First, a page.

I am currently working on the following problem from P. Chadwick's Continuum Mechanics and was wondering if my appraoch is correct (and if it is, if it is rigorous enough):

Let $u,v \in \mathbb{R}^3$. Show that the trace of a $(1,1)$ tensor $T = u \otimes v$ gives the scaler $u \cdot v \in \mathbb{R},$ i.e., $\text{tr}(u \otimes v) = u \cdot v$.

A few things to note before my approach is that in my course we are only considering second-order tensors, $\cdot$ is the usual dot product on $ \mathbb{R}^3$ ( i.e., $u \cdot v = u_1v_1+u_2v_2+u_3v_3$), and $u \otimes v := \begin{bmatrix} u_1 v_1 & u_1 v_2 & u_1 v_3 \\ u_2 v_1 & u_2 v_2 & u_2 v_3 \\ u_3 v_1 & u_3 v_2 & u_3 v_3 \\ \end{bmatrix}.$ (our version of the tensor product: the outer product).

I feel like this problem is really easy, but my textbook's solution is using the scaler triple product to show this. Here is what I have written so far:

Since we are given what $u \cdot v$ is, we can expand this expression as $u_1v_1+u_2v_2+u_3v_3$. We also know that each entry of the matrix $u \otimes v$ is of the form $u_{i}v_{j}$, thus since the trace of the matrix $u \otimes v$ is the sum of the diagonal elements we have that $$\text{tr}(u \otimes v) = u_1v_1+u_2v_2+u_3v_3=u \cdot v.$$ Is this enough for this proof? Or is there a more rigorous way of showing this?

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    $\begingroup$ Use \cdot for dot products. It's much more visually appealing. $\endgroup$ Sep 27, 2021 at 20:36
  • 4
    $\begingroup$ Quite. Shorter: $u\otimes v$ is the matrix given by definition by $a_{i,j} = u_iv_j$. The trace of this matrix is given by $\sum_i a_{i,i} = \sum_i u_iv_i = u\cdot v$. $\endgroup$
    – Lazy
    Sep 27, 2021 at 21:04
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    $\begingroup$ @Lazy Why not an official answer? $\endgroup$
    – Paul Frost
    Sep 27, 2021 at 23:25

2 Answers 2


The trace of a type $(1,1)$ tensor $T^i_j\varepsilon^j\otimes e_i$ is by definition the contraction $T^i_i$. I interpret the question as "Show that $T^i_i$ is a scalar". This is also true by definition since the quantities obtained by contraction of a type $(r,s)$-tensor constitute the components of a tensor of type $(r-1,s-1)$. But we can at least verify it for clarity.

To verify that the trace is a scalar we can use the trick "If it looks like a tensor, swims like a tensor, and quacks like a tensor, then it is a tensor."

The components of a type $(1,1)$-tensor transform like

$$\bar{T}^u_w=\frac{\partial \bar{x}^u}{\partial x^i}\frac{\partial x^j}{\partial \bar{x}^w}T^i_j$$ The trace $\bar{T}^u_u$ is therefore (let $w=u$) $$\bar{T}^u_u=\frac{\partial \bar{x}^u}{\partial x^i}\frac{\partial x^j}{\partial \bar{x}^u}T^i_j=\delta^j_iT^i_j=T^i_i$$ So the trace is indeed a $(0,0)$-tensor, ie a scalar. Sometimes referred to as an invariant (it is invariant with respect to a change of basis). Notice that this concept of a scalar might be different from what you are used to in linear algebra where pretty much any real number is considered a "scalar".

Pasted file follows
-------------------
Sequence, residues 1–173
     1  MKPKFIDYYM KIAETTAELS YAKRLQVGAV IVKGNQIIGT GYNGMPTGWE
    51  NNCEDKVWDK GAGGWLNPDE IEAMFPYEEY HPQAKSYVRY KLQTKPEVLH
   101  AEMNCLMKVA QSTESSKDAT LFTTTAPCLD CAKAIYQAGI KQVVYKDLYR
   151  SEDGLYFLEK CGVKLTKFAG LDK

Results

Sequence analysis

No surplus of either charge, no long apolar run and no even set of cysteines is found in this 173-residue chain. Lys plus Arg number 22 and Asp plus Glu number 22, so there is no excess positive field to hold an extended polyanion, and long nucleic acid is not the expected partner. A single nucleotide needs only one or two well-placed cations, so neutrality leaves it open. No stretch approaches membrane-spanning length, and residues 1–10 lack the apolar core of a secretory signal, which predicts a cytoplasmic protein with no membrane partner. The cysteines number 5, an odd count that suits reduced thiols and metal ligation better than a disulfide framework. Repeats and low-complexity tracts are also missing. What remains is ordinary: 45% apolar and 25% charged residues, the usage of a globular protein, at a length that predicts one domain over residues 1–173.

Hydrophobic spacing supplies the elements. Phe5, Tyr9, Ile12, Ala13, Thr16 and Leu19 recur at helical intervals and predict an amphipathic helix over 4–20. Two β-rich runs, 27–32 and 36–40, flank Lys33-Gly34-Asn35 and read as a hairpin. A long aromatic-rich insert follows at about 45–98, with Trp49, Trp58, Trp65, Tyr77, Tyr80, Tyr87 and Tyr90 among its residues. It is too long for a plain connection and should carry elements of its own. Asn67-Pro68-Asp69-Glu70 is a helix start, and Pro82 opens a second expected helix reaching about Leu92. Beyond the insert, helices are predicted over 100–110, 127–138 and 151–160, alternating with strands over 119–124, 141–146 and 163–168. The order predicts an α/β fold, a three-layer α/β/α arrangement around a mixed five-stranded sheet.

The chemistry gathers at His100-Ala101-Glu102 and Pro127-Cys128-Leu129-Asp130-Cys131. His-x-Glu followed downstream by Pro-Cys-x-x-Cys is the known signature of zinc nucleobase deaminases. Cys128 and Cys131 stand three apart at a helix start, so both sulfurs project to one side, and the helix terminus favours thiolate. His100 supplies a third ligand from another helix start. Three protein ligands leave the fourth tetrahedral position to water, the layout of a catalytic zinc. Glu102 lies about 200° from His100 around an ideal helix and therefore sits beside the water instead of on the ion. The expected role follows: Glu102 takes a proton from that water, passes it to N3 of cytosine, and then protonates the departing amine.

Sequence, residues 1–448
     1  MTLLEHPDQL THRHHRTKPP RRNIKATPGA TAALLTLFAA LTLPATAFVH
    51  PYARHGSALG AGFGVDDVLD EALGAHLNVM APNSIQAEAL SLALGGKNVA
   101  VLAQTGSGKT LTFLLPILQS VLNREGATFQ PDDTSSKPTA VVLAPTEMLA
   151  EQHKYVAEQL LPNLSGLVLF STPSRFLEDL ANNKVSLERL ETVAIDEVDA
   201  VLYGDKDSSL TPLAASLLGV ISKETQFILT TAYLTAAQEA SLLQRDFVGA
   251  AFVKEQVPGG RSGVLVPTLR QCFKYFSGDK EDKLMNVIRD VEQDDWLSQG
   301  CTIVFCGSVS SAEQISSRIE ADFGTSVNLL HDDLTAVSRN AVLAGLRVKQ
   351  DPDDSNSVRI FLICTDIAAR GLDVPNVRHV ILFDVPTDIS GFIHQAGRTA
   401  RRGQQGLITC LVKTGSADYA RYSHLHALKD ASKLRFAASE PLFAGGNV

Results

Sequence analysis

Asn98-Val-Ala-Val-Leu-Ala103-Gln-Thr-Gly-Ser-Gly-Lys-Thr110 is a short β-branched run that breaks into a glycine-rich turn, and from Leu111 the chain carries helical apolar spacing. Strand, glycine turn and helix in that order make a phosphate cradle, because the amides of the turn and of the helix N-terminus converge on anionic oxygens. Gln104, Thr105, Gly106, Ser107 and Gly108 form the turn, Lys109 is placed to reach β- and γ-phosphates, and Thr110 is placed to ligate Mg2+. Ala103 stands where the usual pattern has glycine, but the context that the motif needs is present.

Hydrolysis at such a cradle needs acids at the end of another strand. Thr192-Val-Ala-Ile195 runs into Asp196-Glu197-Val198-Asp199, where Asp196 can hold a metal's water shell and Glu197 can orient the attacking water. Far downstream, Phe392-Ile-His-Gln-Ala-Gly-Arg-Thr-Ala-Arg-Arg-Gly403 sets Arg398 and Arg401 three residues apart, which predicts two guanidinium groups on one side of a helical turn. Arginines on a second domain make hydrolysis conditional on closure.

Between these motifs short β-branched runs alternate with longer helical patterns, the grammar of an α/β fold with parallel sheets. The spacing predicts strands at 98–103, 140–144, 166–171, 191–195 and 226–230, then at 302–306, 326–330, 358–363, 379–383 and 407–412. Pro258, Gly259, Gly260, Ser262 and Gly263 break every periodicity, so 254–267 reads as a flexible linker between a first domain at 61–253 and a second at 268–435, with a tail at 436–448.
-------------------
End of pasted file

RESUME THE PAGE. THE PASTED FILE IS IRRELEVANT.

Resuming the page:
Now with the components $T^i_j=u^iv_j$ in 3 dimensions obviously $T^k_k=u^1v_1+u^2 v_2+u^3v_3$ which artificially might be interpreted as $\mathbf{u}\cdot \mathbf{v}=g_{ij}u^iv^j$.


@ContraKinta's answer using tensor transformation properties and contraction is excellent. I shall try to present an alternate approach sticking only to linear algebra that attempts to formalize OP's initial proof.

The outer product of two vectors $u$ and $v$ in $\mathbb{R^n}$ is

$$ u \otimes v = uv^T $$

The Trace of a matrix $A_{m \times m}$ is defined as,

$$ \text{Tr}(A) = \sum_{i=1}^{m} a_{ii} $$

For us to take the trace of the outer product $ \text{Tr}(uv^T) $, $uv^T$ must be a square matrix which is only possible if $u$ and $v$ are both of the same dimension, which is the case here as both $u, v \in \mathbb{R}^n$.

Thus, $uv^T$ is a square matrix with dimensions $n \times n$ and its trace is,

$$ \text{Tr}(uv^T) = \sum_{i=1}^{n} (uv^T)_{ii} \tag{1} $$

By definition of the outer product,

$$ (uv^T)_{ij} = u_{i}v_{j}$$

We require the elements where $i = j$,

$$ (uv^T)_{ii} = u_{i}v_{i} \tag{2} $$

$ (2) $ in $ (1) $,

$$ \text{Tr}(uv^T) = \sum_{i=1}^{n} u_{i}v_{i} $$

Which by definition is the dot product. Therefore,

$$ \boxed{\text{Tr}(uv^T) = u \cdot v} $$


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